I take a lot of pictures of John. A LOT. I used to carry the camera around and take quick pictures when something seemed worthwhile. Now that the camera on my phone is a little better, I’ll take five or ten pictures any old time. Like many parents, I’m endlessly, obnoxiously interested in even the smallest moment. It’s my way of trying to hold on to this swiftly passing childhood.
Despite all this picture taking, photographic evidence of me with John is pretty rare. I’m not a big center-of-attention person. When people try to take pictures of me, I generally turn away. Instead, I’m the one behind the camera. I’m the shadow of a thumb over a lens. I’m the hands holding the birthday cake. I’m the disembodied voice in the video.
But lately, I’ve been rethinking my face-hiding stance.
When I found out last winter that I have MS, considering how John would be affected was one of the worst parts. Even thinking about it is like looking toward the sun – you just instinctively pull away. But it’s still there. How will his life change, and how will he know me over the coming years?
I don’t think of myself as a person with any disability. Because I’ve lived like this for 40 years, I don’t think my perception of myself will change, even if my abilities do. But John’s only seven. If I become more challenged in the next few years, or even in the next ten years, that will be the majority of his life. Will he think of me the way I think of myself, or as a person who can’t do everything she might like to do?
I’m finding that having photos of myself with John reassures me that there will be a record of the two of us together, just as things are now. A photo is not a memory, but it’s a prompt for one. It’s a start. And if things change, then it’s a way for me — and hopefully for John — to hang onto a piece of how we are right now.
So it’s a small change but a significant one: now I sometimes stay in the picture. The photo above and the ones below were taken by my friend Pam Quinn, who is incredible. These pictures look the way I feel – happy, healthy. They’re already nice to have, but thinking ten or twenty years down the line, they’ll also be a truly priceless reminder of what this summer feels like.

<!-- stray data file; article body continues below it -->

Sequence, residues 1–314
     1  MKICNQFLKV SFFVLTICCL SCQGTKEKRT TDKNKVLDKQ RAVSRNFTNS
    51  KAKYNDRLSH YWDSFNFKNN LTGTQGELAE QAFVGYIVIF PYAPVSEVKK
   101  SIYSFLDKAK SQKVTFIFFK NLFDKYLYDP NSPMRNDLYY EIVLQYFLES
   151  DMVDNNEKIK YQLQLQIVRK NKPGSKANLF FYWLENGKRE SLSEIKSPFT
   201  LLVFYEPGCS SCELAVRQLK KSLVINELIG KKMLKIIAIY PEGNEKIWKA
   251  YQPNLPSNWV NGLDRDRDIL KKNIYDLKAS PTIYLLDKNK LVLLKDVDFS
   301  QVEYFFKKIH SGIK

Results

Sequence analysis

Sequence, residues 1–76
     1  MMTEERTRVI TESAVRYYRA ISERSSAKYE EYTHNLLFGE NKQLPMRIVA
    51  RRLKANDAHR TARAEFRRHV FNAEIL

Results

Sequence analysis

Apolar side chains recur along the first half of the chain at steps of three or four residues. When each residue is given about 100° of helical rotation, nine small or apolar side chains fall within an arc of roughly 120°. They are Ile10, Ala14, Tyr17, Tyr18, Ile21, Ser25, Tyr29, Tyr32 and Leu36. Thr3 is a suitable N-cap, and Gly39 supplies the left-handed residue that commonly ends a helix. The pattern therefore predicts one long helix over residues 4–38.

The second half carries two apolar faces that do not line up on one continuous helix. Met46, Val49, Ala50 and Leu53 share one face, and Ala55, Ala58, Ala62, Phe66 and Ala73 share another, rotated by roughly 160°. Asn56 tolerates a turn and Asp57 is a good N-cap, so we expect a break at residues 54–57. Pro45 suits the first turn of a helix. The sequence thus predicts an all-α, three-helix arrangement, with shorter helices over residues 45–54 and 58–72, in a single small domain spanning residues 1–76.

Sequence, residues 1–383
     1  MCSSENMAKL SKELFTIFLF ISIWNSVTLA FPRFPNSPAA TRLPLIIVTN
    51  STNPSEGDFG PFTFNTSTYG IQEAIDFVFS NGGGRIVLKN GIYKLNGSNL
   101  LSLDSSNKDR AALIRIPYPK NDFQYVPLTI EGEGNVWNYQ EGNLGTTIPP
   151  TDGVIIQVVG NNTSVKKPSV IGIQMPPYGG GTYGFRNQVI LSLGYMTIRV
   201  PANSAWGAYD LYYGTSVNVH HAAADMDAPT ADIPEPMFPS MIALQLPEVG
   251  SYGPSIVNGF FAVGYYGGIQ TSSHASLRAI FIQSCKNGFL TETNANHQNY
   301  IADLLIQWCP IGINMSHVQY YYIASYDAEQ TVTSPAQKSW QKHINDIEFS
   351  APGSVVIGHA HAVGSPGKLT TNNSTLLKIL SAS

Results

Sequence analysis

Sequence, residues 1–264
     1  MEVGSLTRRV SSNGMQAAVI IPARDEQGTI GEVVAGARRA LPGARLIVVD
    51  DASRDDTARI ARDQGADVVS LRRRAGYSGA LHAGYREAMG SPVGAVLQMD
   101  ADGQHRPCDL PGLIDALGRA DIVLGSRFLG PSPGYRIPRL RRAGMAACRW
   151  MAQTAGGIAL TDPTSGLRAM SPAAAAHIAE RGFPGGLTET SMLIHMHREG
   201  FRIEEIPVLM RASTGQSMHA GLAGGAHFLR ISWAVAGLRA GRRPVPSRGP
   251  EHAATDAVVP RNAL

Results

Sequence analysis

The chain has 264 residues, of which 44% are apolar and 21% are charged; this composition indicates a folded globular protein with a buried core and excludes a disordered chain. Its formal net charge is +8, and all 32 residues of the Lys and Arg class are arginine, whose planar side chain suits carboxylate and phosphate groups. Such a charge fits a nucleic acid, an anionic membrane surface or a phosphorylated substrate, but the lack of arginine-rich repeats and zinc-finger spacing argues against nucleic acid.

Great pictures. A professor at Law school said never say never and always avoid always, but, you never know…
I LOVE this. Good for us all to remember because things don’t stay the same and what is today won’t be even a year from now. But there are also experiences that are stand alone that will never happen again that need to be captured and savored. Thank you for this perspective.
Thank you so very much for this posting. The two of you are beautiful!
These are beautiful pictures of a loving relationship. Thank you so much, Katie. I understand so well the fears you describe, of being known by your child only as someone who can’t do what other people’s mothers do. I wonder if there’s a website for parents dealing with this? There should be. My children were long grown up when I was diagnosed with MS. My symptoms have progressed slowly but relentlessly since then. I worried terribly about being able to be a grandmother to my four grandchildren. But it’s all working. They now range in age from 7 to 17; they are, I think, more thoughtful and kind than they would be without a Nana to help out and do things with. They help me make bread and water plants and take out the garbage; I go to baseball games with them, and my grandson and I have a running joke about Jeeves and Wooster (he’s Jeeves, of course). Love is love and it will always find a way. Trust that.
Thank you for this – I really appreciate that perspective.